Market participants are beginning to use alternative rates, such as SOFR (for USD swaps) and SONIA (for GBP swaps). LCH Ltd now accepts USD SOFR basis swaps and OIS for clearing (see 2.3.4). In the assessment period, LCH Ltd adjusted the risk-free reference rate on GBP OIS and basis swaps to the new calculation of SONIA by the BoE. LCH Ltd has also made changes to its Rulebook so that it may determine alternative interest rates for products to be used in the event that the original reference rate is unavailable or ceases to be published. The Bank will continue to monitor global work on benchmark reform, including at LCH Ltd.

Box A: Client Clearing in the SwapClear Service[13]

The share of risk managed in SwapClear from client exposures has grown substantially in recent years (Graph 1). Clients are now responsible for more than half of the initial margin requirements in the SwapClear service. The number of client accounts has also grown (Graph 2). The risks posed by client clearing to CCPs differ in a number of respects from that of direct participants; CCP Standards 13 and 18 (Appendix C) describe how LCH Ltd mitigates these risks. This Box discusses recent international work relating to client clearing, the growth in client clearing at SwapClear, and the composition of global and Australian clients.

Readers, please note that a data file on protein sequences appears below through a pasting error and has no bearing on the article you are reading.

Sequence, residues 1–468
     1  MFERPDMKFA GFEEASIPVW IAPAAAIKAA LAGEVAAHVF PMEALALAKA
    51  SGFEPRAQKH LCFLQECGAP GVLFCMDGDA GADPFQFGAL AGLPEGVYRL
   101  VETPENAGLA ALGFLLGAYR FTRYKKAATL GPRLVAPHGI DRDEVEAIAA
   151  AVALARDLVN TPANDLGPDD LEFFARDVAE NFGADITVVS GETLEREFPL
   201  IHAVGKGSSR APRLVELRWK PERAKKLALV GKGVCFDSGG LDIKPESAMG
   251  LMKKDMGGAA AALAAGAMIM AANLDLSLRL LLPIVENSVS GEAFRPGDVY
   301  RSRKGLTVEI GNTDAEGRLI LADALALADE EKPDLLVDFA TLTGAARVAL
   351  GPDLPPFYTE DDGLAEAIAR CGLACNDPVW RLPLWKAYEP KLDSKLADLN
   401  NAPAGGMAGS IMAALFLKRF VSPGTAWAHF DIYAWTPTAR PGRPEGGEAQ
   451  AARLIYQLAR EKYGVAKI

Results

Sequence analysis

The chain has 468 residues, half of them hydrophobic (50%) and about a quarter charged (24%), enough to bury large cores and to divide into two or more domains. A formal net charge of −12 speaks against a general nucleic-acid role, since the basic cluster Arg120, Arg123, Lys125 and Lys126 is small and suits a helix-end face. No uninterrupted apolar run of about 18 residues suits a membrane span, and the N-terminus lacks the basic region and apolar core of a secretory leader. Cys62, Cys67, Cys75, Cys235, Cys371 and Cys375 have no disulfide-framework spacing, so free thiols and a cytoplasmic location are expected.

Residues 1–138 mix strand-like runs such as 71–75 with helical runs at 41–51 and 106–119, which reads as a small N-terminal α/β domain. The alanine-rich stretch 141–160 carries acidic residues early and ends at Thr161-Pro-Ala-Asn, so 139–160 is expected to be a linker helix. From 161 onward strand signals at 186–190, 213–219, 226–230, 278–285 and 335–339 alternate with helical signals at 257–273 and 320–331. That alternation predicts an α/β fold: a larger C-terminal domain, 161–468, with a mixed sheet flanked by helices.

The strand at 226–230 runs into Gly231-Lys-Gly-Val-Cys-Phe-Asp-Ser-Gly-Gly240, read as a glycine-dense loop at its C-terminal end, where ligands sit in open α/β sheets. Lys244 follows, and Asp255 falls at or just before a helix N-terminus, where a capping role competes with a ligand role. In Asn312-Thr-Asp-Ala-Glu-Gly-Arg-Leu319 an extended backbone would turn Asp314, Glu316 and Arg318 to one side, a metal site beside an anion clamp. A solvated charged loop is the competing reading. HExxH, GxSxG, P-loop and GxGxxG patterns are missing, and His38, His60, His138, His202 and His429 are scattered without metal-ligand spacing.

Graph 1
Graph 1: Initial Margin Requirements
Graph 2
Graph 2: Number of Client Accounts

Firms can access a CCP either as a direct participant or as a client of a direct participant.[14] Firms may elect to clear as a client for several reasons. For example, they may be unable or unwilling to meet a CCP's participation requirements, it may be too onerous operationally, or it may be cheaper than clearing directly. In most client clearing arrangements (including in SwapClear), the CCP is only exposed to the direct participant, which must continue to meet its clients' obligations in the event a client defaults.[15] Providers of client clearing are typically large international banks. Clients are mostly smaller banks, pension and superannuation funds, asset managers and non-financial corporations.